# Spectral Interferometry

Capturing the phase of light

## Photons and phase

Light has properties of both particles (photons) and waves (electromagnetic fields). For time-resolved spectroscopy, the wave description is of particular interest and utility. Unfortunately, the detectors available for measuring visible light are fundamentally “photon detectors” (also known as “square-law” detectors1) since they measure the intensity ($I \propto E^2$) of light rather than its field ($E$). This is because the frequency of visible light is too high (hundreds of terahertz) for detectors to respond to the extremely fast oscillations of the electric field like an antenna does for radio waves. Intensity is basically a measure of power, which means that information about the light wave’s phase is lost (as implied by squaring the field).

For many nonlinear spectroscopy techniques, we need to measure the complete electric field of the signal, including its phase. Luckily, there are methods for achieving this. One particularly powerful approach is known as spectral interferometry (SI).2 SI involves spatially overlapping a known “reference” field with the unknown signal field and then measuring the spectrum of the combined fields (known as a spectral interferogram). The resulting spectral interference encodes the magnitude and phase of the signal field, which can be extracting using the Fourier-transform spectral interferometry (FTSI) algorithm.3

## Mathematical basis of spectral interferometry

A spectral interferogram of spatially-overlapped signal $\hat{E}_s$ and reference $\hat{E}_r$ fields is measured by a spectrally-resolved square-law detector (i.e., $I \propto E^2$), yielding the intensity of the sum of the fields as a function of angular frequency ($\omega = 2\pi \nu$) $$I_{sr}(\omega) = \left| \hat{E}_s(\omega) + \hat{E}_r(\omega) \right|^2 . \tag{1}$$ This can be expanded to yield $$I_{sr}(\omega) = \left| \hat{E}_s(\omega) \right|^2 + \left| \hat{E}_r(\omega) \right|^2 + \hat{E}_s(\omega)\hat{E}_r^*(\omega) + \hat{E}_s^*(\omega)\hat{E}_r(\omega) \tag{2}$$ where the first two terms are the spectra of the signal and reference fields and the last two terms are the “interference terms”, which contain the phase information.

Notes on notation

• Variables topped with a circumflex (e.g., $\hat{z}$) are complex-valued.
• $\left| \hat{z} \right|$ is the absolute value of complex quantity $\hat{z}$.
• $\hat{z}^*$ is the complex conjugate of $\hat{z}$.
• A complex number $\hat{z}$ can be expressed in terms of its real $a = (\hat{z} + \hat{z}^*)/2$ and imaginary $b = (\hat{z} - \hat{z}^*)/2$ parts or its absolute value $\left| z \right| = (\hat{z}\hat{z}^*)^{1/ 2}$ and phase $\phi$: $$\hat{z} = a + ib = \left| \hat{z} \right| \exp (i \phi)$$

We can rewrite the first interference term as

\begin{aligned} \hat{E}_s(\omega)\hat{E}_r^* (\omega) & = \left| \hat{E}_s(\omega) \right| \exp \left[ i \phi_s(\omega) \right] \times \left\{ \left| \hat{E}_r(\omega) \right| \exp \left[ i \phi_r(\omega) \right] \right\}^* \\ & = \left| \hat{E}_s(\omega) \hat{E}_r(\omega) \right| \exp \left[ i \left\{ \phi_s(\omega) - \phi_r(\omega) \right\} \right] \\ & = \left| \hat{E}_s(\omega) \hat{E}_r(\omega) \right| \exp \left[ i \Delta\phi(\omega)\right] \end{aligned} \tag{3}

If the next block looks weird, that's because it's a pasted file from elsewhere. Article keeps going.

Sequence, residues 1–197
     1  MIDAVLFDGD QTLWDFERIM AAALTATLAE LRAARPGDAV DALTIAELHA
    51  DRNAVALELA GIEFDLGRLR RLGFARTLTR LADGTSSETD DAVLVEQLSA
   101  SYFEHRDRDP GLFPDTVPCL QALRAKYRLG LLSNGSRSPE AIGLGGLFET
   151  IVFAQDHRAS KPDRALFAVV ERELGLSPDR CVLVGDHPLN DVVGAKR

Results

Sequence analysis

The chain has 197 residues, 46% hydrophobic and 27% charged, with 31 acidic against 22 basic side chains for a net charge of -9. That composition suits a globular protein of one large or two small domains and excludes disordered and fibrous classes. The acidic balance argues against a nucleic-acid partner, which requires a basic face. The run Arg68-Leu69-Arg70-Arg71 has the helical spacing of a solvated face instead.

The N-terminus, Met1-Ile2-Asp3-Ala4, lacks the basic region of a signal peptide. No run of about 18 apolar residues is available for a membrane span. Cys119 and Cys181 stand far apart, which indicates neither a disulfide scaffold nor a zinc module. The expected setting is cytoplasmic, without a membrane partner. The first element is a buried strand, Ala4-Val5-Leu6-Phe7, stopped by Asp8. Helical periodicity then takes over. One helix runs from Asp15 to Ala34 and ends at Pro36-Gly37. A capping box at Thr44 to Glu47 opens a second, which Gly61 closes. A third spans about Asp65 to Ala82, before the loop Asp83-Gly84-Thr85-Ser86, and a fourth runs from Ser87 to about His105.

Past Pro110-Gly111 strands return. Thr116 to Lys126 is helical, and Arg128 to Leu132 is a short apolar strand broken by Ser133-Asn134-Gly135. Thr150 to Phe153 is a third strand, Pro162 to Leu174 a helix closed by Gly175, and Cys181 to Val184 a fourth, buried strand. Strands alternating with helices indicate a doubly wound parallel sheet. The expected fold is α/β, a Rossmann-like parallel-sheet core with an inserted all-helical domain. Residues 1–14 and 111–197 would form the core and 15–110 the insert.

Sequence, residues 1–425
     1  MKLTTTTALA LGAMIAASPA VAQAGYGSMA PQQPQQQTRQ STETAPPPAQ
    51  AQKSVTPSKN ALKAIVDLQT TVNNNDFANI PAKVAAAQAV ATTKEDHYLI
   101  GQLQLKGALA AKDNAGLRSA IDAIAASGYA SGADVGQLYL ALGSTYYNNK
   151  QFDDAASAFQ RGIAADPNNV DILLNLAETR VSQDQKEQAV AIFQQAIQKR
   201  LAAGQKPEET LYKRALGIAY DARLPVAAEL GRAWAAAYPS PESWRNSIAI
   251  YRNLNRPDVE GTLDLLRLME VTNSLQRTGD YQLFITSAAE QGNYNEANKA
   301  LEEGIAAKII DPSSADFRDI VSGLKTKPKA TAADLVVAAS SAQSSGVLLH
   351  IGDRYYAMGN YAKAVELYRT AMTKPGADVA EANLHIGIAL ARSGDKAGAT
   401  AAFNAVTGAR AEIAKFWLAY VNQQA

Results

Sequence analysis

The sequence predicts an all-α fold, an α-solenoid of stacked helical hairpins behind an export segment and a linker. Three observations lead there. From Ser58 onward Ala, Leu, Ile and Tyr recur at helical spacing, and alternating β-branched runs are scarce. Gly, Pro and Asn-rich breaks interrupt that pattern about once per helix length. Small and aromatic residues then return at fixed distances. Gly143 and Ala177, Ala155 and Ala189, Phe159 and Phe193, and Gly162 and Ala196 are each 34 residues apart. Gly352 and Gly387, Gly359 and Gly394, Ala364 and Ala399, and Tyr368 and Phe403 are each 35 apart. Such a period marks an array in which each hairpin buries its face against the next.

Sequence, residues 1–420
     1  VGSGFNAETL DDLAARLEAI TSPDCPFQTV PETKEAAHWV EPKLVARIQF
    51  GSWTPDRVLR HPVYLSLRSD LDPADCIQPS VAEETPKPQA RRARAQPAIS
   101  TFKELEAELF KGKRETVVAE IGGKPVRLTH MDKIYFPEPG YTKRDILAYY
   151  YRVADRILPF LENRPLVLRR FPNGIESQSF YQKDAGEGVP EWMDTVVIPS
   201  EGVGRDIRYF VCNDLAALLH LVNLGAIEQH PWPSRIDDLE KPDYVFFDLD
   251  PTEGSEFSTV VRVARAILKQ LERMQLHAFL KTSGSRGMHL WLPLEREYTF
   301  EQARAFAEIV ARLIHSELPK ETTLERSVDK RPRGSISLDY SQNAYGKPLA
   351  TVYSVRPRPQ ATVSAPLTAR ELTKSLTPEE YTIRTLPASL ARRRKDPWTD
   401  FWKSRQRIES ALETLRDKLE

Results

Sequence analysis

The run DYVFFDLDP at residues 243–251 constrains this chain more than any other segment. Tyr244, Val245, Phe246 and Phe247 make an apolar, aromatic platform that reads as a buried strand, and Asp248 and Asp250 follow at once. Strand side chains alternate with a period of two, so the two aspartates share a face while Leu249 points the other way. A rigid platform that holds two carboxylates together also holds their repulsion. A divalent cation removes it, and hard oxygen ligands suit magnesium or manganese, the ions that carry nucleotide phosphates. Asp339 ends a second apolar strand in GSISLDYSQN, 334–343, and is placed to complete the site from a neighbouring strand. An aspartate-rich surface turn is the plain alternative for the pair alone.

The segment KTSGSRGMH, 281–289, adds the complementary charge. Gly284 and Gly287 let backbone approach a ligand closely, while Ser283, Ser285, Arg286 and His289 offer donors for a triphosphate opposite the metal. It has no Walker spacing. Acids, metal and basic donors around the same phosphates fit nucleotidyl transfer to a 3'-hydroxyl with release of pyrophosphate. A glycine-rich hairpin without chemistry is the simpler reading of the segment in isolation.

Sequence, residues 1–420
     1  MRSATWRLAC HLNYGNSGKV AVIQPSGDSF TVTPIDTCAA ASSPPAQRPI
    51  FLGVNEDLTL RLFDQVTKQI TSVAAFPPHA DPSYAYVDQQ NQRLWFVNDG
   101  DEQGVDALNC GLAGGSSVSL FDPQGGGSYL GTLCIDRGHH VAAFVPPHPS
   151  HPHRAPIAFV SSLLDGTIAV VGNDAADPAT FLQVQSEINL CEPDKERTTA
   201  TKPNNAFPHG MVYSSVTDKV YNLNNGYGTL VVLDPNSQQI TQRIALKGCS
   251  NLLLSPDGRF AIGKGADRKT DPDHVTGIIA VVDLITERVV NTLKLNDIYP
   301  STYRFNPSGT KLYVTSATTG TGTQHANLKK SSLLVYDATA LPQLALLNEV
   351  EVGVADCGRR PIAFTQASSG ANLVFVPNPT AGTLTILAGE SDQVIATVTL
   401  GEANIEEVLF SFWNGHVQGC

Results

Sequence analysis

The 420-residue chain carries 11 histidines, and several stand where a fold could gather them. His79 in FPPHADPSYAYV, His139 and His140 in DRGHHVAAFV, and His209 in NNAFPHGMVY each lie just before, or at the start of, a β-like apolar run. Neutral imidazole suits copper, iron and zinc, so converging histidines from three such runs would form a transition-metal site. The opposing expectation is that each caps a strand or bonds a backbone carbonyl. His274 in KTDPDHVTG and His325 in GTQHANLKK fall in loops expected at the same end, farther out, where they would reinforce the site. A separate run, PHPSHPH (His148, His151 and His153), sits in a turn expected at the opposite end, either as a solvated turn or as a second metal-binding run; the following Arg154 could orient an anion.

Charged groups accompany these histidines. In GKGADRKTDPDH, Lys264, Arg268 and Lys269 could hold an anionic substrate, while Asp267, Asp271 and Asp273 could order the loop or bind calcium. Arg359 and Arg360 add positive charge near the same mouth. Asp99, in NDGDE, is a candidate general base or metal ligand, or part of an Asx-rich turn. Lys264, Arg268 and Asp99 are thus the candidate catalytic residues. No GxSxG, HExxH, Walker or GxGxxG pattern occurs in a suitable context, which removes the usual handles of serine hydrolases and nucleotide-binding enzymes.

where $\Delta\phi(\omega) = \phi_s(\omega) - \phi_r(\omega)$ is the relative phase of the signal and reference fields.4 We can express $\Delta\phi$ in terms of a linear phase (i.e., delay) and the sum of all other components:

$$\Delta\phi(\omega) = \omega (t_s - t_r) + \Delta\phi^\prime(\omega) . \tag{4}$$

Using this new form for $\Delta\phi$, the interference term becomes

$$\hat{E}_s(\omega)\hat{E}_r^*(\omega) = \left| \hat{E}_s(\omega) \hat{E}_r(\omega) \right| \exp \left[ i \omega (t_s - t_r) \right] \exp \left[ i \Delta\phi^\prime(\omega)\right] . \tag{5}$$

Therefore, by the Fourier modulation theorem5, when the reference field is delayed relative to the signal field (i.e., $t_s - t_r < 0$), the interference term $\hat{E}_s(\omega)\hat{E}_r^*(\omega)$ appears as a peak on the negative side of $t = 0$ once Fourier transformed to the time domain.

## Fourier-transform spectral interferometry algorithm

Let’s simulate a spectral interferogram between an exponentially-damped sinusoidal “signal” field $E_s(t)$ and a “reference” field with a Gaussian temporal field envelope $E_r(t)$. The signal field is given by

$$E_s(t) =\mathrm{Re}\left\lbrace \mathrm{exp}\left\lbrack \left(2\pi if_s^0 -\frac{1}{\tau_s }\right)t\right\rbrack H\left(t\right)\right\rbrace$$

where $\mathrm{Re}\lbrace\hat{z}\rbrace$ selects the real part of complex value $\hat{z}$, $f_s^0$ is the signal center frequency, $\tau_s$ is the exponential damping time constant, $t$ is time, and $H(t)$ is the Heaviside step function.6 The reference field is given by

$$E_r(t) =\mathrm{Re}\left\lbrace G\left(t;T_r ,\mathrm{FWHM}\right)\;\mathrm{exp}\left\lbrack 2\pi if_r^0 \left(t-T_r \right)\right\rbrack \right\rbrace$$

where $G(t; T_r, \mathrm{FWHM})$ is a Gaussian function of $t$ with delay $T_r$ and full-width at half-maximum $\mathrm{FWHM}$, and $f_r^0$ is the reference center frequency. These fields are plotted below.

For the sake of example, we will use the following parameter values:

$f_s^0$$0.375 \,\mathrm{fs}^{-1} \ (375 \,\mathrm{THz}) \tau_s$$30 \,\mathrm{fs}$
$f_r^0$$0.375 \,\mathrm{fs}^{-1} \ (375 \,\mathrm{THz}) \mathrm{FWHM}$$15 \,\mathrm{fs}$